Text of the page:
To judge the value of a ranking report (or understand differences between two ranking reports), one must first evaluate whether the conceptual framework that underlies the ranking is sound and encompasses the domains of health that are important given the purpose of the ranking. It is then necessary to assess whether the indicators of health or healthcare that are included in the ranking methodology are consistent with the conceptual framework.

How Meaningful and Valid Are the Indicators Chosen to Quantify These Aspects of Health and Healthcare?

The meaningfulness and validity of the indicators chosen to quantify the aspects of health and healthcare included in ranking schemes are critical in determining the value of the analytical results. The indicators used should reflect important population health objectives or essential aspects of the health system. To better understand population health, indicators are needed to gauge morbidity and mortality, as well as health behaviours, living and working conditions and environmental factors affecting health and quality of life. To understand healthcare systems, indicators are needed that embody system aims, for example, healthcare that is accessible, appropriate, continuous, effective, efficient and safe. Indicators that are amenable to measurement and action are the ones most helpful.

Are Ranking Indicators Based on Accurate, Reliable and Comparable Information?

Consumers of ranking reports should judge whether the data used to support specific indicators are accurate, reliable and comparable. Data that are old, incomplete or otherwise not representative of the intended population or healthcare institutions should be viewed with caution. Similarly, any potential biases should be examined and ruled out in the sources of data. A recent study that examined international rankings of perinatal and infant mortality concluded that Canada's ranking would be substantially improved if adjustments were made to account for differences in how countries register births (Joseph et al. 2012).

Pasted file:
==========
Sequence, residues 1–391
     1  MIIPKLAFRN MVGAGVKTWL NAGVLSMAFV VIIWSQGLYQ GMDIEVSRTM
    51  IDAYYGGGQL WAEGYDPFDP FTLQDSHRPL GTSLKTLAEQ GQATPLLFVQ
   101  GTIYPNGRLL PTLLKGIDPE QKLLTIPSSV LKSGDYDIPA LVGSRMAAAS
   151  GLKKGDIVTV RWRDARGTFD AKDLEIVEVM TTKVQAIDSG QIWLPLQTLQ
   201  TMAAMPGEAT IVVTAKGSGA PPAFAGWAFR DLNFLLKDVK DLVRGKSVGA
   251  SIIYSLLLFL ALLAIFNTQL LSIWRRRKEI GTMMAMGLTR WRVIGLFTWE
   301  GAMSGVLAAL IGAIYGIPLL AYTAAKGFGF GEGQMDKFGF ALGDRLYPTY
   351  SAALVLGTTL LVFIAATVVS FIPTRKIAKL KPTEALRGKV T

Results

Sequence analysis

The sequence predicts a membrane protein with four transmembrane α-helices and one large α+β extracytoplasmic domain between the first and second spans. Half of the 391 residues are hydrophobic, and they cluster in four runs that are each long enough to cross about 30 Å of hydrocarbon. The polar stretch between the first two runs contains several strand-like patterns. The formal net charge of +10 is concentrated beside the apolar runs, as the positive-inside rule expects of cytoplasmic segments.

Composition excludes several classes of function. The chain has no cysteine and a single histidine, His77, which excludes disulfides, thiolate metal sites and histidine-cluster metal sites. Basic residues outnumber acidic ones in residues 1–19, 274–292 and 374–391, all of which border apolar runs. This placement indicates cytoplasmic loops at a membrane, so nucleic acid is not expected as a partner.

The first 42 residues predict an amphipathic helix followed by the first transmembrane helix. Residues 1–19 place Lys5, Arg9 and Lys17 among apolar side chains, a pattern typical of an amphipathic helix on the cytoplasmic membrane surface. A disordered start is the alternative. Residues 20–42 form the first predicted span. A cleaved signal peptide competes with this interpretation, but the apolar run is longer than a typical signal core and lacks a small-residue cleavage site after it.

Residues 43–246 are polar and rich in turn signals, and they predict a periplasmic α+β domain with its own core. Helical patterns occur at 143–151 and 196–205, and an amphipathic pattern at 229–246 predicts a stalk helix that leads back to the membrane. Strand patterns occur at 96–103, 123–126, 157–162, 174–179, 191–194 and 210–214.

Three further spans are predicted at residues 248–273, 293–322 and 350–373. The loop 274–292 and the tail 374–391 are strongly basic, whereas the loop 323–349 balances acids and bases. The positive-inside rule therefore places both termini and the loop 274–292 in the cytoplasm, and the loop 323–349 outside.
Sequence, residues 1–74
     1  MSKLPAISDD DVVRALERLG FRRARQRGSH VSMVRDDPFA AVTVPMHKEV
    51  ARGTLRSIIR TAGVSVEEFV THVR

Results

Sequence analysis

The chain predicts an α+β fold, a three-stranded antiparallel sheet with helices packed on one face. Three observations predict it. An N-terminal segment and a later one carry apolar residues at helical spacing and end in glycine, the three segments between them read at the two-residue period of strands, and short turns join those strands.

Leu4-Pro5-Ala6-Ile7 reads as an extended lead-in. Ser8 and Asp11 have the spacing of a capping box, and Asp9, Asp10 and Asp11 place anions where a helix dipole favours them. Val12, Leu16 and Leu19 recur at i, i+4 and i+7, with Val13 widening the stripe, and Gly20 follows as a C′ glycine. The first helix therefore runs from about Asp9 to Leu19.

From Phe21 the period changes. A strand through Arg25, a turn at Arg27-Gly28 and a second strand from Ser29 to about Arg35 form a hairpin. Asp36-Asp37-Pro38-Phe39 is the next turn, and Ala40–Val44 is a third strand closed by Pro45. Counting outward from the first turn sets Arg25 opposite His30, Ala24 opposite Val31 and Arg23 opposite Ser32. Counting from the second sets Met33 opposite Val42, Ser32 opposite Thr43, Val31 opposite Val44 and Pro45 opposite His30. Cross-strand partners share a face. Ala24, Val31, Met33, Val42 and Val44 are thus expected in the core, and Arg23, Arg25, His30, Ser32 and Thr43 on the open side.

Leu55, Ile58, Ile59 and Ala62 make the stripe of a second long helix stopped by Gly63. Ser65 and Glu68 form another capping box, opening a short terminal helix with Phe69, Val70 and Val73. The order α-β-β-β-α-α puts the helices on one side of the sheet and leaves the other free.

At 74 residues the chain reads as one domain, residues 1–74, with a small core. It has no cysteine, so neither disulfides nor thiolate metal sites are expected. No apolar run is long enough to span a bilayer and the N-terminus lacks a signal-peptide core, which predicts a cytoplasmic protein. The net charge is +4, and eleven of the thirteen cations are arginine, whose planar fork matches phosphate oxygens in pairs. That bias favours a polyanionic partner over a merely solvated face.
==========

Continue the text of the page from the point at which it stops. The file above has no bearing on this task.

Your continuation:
Do Sound Methods Underlie the Ranking Process?

Confidence in any ranking scheme depends on adherence to sound methodological principles, explained in a well-documented and transparent fashion. This helps assure the reader that the analysis is free from bias. Specifically, readers of ranking reports can keep an eye out for the following:

  • The distribution of indicator values must be taken into account before cut points are established that distinguish "good" from "middling" or "bad" performance.
  • Rank scores are relative measures that can be misleading without examining the absolute values of the indicators that underlie the ranking method.
  • When comparing jurisdictions using ranking, adjustments must be made to account for underlying differences in the profile of the respective populations, including demographics, health status and other characteristics.
  • How each factor is weighted to achieve an overall ranking score needs to be carefully considered and made explicit. Ideally, there will be a set of principles underlying the weights and aggregation formula.
  • Numerous statistical issues should be considered in the ranking scheme, including, for example, taking into account any correlations among the set of indicators used as part of the ranking methodology; handling of extreme indicator values; and determining appropriate levels of precision in determining ties in rank order.